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Feb 03, 2023 8:23 AM
Teysa Karlov in Sunless Skies
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"Tch. And what did they gain from that, hmm? Discouraging others from contracting in the future, and a misplaced sense that it wasn't their own error that was at fault."

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"Discouraging others from contracting - in certain ways - is exactly what they meant to gain from it. I'm sure you can imagine how much more reluctant people were to look very carefully for technicalities that could cheat them, going forward. And of course, it's never that simple. Never just one thing. You don't have the historical context or even the names, but just another move in the great game. Wouldn't it be nice if it was just the words on the paper? But that's chivalric thinking, in my opinion."

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"In my experience, it's much easier to get other organizations to play along with your rules when they're written down. Less relevant here than in the Khanate or London, I suppose, but if you're planning to stick around for centuries... Obviously it limits you, but make the text complex enough and it's not much."

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"I see the point. There's something to be said for specificity, and for labyrinthineness, yes. All too often, of course, the law we weave fails before those of greater powers. From a position of cooperation, of exploring the possibilities, it is less useful. If what I've heard is right, you're from a vast city, powerful heir to an empire that, while not above all reproach, not immortal for nothing is, is at least as sturdy as the Mountain-of-Light. The position of Hell is less secure than the Mountain's."

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"You're well-informed. One of a few hundred heirs, and I haven't actually heard of the Mountain of Light yet. But, yes, I have not gotten the sense that anything here has lasted to its Decamillennial, which everything important back home will have within a decade. It does remove some of the incentives, particularly for the group." She stops, but turns a hand slowly, thoughtfully, like she's trying to grasp something she can't see.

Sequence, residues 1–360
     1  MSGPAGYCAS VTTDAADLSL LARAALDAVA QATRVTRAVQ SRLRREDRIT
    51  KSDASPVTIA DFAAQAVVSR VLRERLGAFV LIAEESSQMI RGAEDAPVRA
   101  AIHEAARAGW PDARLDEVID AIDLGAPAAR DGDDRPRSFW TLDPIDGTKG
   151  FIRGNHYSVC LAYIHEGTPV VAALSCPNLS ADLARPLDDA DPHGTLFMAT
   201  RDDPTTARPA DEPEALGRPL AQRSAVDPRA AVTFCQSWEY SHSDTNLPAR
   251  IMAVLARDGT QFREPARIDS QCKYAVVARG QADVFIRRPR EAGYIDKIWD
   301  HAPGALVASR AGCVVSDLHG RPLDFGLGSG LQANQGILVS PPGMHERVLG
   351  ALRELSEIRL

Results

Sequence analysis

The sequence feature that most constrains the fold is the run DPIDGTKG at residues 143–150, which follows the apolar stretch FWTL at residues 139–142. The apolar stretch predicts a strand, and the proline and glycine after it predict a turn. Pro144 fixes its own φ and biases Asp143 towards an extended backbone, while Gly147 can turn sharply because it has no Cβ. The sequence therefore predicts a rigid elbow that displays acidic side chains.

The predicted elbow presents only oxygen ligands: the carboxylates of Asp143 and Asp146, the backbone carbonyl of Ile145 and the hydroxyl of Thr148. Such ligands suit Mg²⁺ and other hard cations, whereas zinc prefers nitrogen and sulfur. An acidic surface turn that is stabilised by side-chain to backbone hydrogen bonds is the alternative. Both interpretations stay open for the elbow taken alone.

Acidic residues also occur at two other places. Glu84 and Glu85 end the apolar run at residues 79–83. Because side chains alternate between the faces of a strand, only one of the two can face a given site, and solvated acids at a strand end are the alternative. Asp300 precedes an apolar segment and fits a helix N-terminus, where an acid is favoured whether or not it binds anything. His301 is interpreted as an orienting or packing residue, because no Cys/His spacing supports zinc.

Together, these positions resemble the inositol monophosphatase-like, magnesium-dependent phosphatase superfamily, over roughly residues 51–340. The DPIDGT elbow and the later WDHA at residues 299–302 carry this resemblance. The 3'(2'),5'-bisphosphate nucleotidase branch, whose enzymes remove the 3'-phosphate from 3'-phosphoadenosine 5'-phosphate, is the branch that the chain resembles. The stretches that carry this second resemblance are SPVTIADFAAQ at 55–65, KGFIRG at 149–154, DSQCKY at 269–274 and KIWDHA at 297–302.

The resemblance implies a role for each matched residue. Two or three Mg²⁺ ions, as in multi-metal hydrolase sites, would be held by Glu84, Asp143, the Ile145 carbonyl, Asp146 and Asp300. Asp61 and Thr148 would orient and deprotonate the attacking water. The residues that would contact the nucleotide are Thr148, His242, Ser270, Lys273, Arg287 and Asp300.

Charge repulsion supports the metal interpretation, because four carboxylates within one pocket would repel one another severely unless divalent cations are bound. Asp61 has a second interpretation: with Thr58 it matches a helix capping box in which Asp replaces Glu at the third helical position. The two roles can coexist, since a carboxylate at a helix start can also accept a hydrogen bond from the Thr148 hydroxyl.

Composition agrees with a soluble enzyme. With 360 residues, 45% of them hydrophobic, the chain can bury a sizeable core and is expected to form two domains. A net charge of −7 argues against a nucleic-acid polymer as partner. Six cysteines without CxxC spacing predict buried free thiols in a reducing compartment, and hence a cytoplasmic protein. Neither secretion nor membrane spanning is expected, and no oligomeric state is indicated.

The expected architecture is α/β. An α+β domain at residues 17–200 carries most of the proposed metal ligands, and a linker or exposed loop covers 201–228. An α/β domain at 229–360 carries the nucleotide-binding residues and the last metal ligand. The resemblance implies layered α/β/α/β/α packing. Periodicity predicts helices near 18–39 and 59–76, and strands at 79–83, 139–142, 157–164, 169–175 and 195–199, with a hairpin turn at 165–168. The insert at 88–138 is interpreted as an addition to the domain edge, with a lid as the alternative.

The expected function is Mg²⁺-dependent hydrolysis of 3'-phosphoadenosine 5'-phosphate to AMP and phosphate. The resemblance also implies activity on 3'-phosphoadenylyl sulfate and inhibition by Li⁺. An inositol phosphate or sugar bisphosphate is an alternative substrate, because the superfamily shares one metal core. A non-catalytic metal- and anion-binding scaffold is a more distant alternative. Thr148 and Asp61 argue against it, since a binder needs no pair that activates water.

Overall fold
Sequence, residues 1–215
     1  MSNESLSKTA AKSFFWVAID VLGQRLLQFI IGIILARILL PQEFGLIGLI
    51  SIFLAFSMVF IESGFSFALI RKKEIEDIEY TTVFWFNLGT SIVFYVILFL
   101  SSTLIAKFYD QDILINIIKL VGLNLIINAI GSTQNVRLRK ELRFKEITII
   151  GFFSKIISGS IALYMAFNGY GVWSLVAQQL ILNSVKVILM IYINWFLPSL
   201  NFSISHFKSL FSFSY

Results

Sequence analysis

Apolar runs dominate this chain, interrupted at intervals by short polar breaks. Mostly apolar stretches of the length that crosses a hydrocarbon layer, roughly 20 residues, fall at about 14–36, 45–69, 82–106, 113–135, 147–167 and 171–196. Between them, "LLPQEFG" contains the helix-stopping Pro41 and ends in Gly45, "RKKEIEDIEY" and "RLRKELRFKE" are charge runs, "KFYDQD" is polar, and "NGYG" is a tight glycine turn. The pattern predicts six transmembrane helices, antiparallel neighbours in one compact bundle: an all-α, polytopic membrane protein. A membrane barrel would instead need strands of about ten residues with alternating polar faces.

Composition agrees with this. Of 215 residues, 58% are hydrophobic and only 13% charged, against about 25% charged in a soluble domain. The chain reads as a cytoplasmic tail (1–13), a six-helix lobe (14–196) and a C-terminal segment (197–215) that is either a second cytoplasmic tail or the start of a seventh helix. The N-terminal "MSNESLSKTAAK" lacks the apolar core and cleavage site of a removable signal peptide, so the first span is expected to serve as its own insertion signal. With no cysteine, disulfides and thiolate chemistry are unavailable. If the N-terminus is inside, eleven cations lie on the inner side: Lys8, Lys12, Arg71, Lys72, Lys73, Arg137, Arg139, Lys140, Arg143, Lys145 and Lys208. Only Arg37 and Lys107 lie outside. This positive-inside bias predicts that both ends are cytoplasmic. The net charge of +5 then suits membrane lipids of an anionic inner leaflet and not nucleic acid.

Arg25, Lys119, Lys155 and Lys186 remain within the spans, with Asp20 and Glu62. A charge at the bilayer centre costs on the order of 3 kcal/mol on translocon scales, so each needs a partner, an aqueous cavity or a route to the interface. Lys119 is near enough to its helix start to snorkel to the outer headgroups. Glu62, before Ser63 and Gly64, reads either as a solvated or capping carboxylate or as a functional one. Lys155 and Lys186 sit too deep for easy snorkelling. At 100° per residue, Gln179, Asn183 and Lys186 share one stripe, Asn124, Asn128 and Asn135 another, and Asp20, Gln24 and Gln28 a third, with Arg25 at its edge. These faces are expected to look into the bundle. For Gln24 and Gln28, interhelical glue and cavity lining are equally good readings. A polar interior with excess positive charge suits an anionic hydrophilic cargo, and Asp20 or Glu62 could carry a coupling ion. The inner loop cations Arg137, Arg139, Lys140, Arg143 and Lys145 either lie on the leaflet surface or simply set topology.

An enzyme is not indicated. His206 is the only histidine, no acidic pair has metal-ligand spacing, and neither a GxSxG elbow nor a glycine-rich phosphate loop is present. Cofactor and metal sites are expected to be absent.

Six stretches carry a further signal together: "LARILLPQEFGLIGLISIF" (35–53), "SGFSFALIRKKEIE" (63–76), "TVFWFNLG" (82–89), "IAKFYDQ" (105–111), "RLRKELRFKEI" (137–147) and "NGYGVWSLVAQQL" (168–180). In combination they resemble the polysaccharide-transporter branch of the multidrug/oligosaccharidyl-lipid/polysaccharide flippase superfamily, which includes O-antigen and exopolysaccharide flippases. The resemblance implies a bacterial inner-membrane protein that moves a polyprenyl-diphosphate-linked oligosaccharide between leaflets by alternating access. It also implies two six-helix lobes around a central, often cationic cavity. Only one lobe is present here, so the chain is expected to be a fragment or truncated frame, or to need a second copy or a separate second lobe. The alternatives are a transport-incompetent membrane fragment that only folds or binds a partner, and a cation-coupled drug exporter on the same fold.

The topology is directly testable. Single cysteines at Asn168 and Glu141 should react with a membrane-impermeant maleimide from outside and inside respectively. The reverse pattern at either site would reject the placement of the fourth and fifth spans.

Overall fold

Then she finds it, and continues, "But, hmm, say I was a mortal considering contracting with a devil. If the angry second party wanted to secure my soul personally, and I'd heard about his retaliation, I'd certainly need a higher price before I'd consider him over the first party, or some other devil I knew nothing about. He's discouraged me from trying to be tricky with him, certainly, but I'm not likely to want to play straight with him either - I'd rather just not play. And that's not good unless all of Hell coordinates on similar levels of punishment for being foiled by attempted cleverness. Does it?"

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"The Mountain of Light has seen its kilomillenial and more; The beings who dwell at its feet have seen their regime's decamillenial. Hell does not coordinate on that front, specifically. What's a little bit of profit in comparison to long-term considerations? Such as a reputation for not being trifled with. Aside from the odd malcontent, much of our coordination goes to political efforts. Have you heard of Carillon? A great success story, really."